In 2001, five businessmen decided they wanted to impact the city of Milwaukee.
They desired to begin a faith-based business that would give the unemployed people of the city a dignified place to work. They dreamed of transforming lives, as well as their community, for the glory of God. Thus began the journey of Community Warehouse.
Milwaukee Working is Changing Lives
In 2010, Milwaukee Working began as an offshoot of Community Warehouse in an effort to continue to build into the lives of people by offering a second chance to those who might not otherwise be able to find employment.
Milwaukee Working has created several different business models. These include selling books, DVDs, and games online; disassembling electronics; building floors, vanities, and pallets; and recycling. Through the profits from these various operations, the organization is able to hire and pay fair wages to more than 30 employees. Milwaukee Working aims to continue to offer jobs to more and more people in the community.
But Milwaukee Working offers much more than just a job to its employees. Every Monday morning at eight, employees can attend an optional Bible study. They’re also paired with mentors who walk with them and encourage them as they pursue growth. Employees also have access to a community resource center on-site that offers rehabilitation services, both for them as well as others throughout the city.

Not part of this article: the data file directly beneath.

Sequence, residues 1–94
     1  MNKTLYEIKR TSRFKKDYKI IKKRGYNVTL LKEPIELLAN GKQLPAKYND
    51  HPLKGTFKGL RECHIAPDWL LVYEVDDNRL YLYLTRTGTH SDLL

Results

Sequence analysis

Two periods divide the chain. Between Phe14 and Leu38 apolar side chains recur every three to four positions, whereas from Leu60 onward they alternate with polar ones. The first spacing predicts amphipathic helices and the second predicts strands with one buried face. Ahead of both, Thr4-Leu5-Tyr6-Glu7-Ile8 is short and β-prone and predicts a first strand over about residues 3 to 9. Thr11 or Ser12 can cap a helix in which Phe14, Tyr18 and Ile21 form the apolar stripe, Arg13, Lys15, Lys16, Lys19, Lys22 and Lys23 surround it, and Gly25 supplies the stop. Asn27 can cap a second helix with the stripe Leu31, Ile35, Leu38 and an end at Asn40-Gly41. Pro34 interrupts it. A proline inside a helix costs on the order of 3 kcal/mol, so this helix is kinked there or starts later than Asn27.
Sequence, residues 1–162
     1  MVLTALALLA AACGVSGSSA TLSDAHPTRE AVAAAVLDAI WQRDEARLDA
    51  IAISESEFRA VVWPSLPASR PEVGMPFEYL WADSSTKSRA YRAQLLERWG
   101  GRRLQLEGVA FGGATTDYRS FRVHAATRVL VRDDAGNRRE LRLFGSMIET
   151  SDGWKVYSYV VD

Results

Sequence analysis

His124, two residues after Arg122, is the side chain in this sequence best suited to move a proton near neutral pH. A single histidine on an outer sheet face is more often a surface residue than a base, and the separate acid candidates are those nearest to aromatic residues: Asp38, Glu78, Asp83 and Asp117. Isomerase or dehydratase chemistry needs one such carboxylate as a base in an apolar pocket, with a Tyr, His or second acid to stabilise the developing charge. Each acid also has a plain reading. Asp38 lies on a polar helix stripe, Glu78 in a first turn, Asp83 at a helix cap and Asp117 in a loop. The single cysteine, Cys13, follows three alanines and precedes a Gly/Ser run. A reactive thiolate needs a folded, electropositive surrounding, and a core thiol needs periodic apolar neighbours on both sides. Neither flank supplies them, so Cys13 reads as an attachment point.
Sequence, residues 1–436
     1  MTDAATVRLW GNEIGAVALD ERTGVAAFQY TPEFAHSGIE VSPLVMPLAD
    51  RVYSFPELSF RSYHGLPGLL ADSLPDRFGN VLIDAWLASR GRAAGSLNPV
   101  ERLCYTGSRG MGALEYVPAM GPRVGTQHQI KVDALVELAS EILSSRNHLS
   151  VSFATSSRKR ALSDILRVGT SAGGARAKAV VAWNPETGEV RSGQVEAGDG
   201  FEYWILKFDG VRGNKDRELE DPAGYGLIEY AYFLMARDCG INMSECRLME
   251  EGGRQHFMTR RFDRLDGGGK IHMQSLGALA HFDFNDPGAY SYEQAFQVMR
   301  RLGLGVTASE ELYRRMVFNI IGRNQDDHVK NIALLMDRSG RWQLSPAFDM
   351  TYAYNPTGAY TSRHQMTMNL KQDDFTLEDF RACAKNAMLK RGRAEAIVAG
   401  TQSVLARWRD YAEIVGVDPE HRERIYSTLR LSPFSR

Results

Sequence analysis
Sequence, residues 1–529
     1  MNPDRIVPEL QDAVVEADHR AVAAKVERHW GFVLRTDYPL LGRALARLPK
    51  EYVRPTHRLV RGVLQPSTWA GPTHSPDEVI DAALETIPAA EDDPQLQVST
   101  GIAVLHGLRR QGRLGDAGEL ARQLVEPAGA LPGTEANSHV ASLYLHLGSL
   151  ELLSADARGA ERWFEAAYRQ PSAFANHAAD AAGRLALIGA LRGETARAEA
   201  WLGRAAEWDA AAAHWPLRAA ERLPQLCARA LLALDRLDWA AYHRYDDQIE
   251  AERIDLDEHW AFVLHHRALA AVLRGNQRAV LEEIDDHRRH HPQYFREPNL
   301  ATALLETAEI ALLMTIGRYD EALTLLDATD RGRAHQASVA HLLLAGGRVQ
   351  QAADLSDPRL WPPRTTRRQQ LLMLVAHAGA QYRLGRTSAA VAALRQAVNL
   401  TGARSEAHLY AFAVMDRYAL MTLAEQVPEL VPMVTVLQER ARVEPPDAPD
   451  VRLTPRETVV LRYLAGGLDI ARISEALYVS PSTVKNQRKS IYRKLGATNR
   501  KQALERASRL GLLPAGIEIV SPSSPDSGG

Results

Milwaukee Working hires many temporary employees found through referrals, including through the strong relationship that Milwaukee Working has cultivated with the Milwaukee Police Department and area parole officers. These temporary employees have the opportunity to work alongside those who have already been employed for a few years at Milwaukee Working, with the goal being to eventually offer these workers full-time positions.
It all started with a dream. Five people who felt burdened for Milwaukee wanted to make a difference. They wanted to do something to change the lives of those who came from hard situations or made bad decisions. They wanted to create something that would honor God. Now the community is blessed through the jobs they are creating and the support they offer.
What dream or burden has God put on your heart for your community? To whom can you offer a second chance?